The Paris Principles - evaluation criteria for human rights institutions


The Paris Principles

Founding and tasks of human rights institutions

The Paris Principles are a key evaluation criterion for human rights institutions. The Paris Principles require National Human Rights Institutions to be created under a constitutional or legislative provision, in which the tasks, composition and sphere of the competence of the institution are set forth.

An institution must have an autonomous and independent status not only formally, but also financially and administratively.

A human rights institution must be vested with as broad competence as possible. Its responsibilities must include

expert, advisory and reporting tasks associated with promoting and safeguarding human rights

  • tasks relating to human rights education, training and provision of information
  • tasks associated with monitoring compliance with international human rights commitments. and
  • international cooperation related to above mentioned tasks

An institution may optionally be entrusted with the task of handling and mediating appeals and/or complaints and assisting appellants in individual cases of human rights violations as well as making recommendations to authorities.

Composition of the Human Rights Institution

The Paris Principles require that an institution has a pluralist composition, which encompasses the instances in society that are involved in human rights work at the national level.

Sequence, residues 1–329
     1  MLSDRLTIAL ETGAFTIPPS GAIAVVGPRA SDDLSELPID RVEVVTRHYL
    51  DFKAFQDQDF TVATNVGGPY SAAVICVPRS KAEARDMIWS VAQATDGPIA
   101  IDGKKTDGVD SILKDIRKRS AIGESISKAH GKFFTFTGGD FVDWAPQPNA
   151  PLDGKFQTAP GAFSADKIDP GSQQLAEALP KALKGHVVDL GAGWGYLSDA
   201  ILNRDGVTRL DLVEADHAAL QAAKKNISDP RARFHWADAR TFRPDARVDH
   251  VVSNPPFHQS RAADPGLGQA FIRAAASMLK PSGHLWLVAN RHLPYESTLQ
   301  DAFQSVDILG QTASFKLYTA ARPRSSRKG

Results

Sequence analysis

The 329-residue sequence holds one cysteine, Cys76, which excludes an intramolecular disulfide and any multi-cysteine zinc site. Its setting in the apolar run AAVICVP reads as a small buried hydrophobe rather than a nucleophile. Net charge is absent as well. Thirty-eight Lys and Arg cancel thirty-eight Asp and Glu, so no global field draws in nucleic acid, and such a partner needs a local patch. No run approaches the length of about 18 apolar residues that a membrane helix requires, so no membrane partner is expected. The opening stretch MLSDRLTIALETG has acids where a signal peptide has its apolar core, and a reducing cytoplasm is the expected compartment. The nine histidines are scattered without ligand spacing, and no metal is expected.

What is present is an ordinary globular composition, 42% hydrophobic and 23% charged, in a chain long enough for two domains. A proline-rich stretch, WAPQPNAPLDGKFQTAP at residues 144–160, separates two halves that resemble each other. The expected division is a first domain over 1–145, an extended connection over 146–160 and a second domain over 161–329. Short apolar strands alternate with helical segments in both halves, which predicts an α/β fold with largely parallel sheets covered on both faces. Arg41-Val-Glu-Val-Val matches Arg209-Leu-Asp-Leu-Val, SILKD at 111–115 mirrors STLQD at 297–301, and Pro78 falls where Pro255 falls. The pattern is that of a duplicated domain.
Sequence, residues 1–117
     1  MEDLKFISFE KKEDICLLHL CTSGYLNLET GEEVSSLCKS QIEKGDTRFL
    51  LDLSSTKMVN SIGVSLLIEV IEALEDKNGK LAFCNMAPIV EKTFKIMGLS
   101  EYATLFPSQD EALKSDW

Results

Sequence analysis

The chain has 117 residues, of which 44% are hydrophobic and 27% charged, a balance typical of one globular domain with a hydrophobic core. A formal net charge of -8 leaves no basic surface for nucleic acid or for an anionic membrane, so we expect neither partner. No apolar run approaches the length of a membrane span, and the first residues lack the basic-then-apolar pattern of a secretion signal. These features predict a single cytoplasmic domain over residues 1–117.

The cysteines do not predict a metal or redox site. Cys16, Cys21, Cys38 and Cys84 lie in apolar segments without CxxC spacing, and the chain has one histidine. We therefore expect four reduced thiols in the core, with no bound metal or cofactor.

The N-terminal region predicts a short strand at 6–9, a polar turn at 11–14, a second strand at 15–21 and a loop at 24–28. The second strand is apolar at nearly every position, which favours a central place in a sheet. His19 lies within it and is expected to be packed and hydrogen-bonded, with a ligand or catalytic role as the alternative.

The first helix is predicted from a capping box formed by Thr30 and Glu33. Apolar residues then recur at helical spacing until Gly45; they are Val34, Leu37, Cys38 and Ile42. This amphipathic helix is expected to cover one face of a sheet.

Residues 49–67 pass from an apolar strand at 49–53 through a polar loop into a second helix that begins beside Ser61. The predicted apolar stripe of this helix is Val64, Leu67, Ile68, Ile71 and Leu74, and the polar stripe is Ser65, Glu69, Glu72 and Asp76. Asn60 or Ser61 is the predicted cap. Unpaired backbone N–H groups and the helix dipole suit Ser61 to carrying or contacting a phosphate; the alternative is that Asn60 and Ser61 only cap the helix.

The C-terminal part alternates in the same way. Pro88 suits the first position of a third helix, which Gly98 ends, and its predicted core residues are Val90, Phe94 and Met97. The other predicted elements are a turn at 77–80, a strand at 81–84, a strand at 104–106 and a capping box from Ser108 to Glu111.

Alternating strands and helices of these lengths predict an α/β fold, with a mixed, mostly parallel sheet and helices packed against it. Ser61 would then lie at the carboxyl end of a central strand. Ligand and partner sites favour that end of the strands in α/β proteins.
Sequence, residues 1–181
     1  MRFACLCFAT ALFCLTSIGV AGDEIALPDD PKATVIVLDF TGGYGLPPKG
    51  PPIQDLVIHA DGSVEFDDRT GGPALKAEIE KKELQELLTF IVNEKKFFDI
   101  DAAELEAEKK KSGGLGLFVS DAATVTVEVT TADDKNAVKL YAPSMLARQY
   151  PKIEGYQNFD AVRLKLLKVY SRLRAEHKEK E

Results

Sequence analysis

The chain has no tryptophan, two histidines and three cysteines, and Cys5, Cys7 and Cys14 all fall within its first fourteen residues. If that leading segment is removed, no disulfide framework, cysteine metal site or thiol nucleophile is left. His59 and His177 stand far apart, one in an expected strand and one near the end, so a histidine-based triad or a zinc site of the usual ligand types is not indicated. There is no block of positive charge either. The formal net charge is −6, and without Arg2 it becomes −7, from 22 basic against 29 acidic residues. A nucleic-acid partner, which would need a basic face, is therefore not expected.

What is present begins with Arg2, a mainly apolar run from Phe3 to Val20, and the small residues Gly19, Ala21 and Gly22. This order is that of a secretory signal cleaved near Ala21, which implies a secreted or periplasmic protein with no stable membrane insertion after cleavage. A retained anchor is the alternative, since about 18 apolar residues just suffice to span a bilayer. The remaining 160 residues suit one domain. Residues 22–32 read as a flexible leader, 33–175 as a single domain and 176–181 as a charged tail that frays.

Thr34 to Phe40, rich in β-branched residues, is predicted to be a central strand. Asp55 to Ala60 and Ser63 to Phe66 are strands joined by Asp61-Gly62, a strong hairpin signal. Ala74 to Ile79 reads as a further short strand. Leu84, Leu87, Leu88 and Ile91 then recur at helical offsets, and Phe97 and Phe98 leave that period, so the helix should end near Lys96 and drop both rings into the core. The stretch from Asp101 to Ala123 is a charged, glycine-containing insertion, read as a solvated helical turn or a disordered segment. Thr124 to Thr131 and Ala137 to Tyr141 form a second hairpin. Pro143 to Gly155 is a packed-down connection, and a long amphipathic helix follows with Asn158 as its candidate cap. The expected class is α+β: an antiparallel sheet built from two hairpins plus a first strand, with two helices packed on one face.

The institution is a body that complements the efforts of civil society, human rights research and government actions and strives to make its own contribution to safeguarding implementation of human rights by monitoring and evaluating, when necessary also critically, the actions of the aforementioned instances, helping them implement human rights better as well as making society more conscious of and amenable to human rights.

Government and executive-branch representatives may participate in an institution's decision making, but only in an advisory capacity.

The financial autonomy of the institution is emphasised insofar as its budget should not be under the government's control, but is preferably a separate budget item on which the parliament decides.

> UN Resolution A/RES/48/134, 20.12.1993 (in English)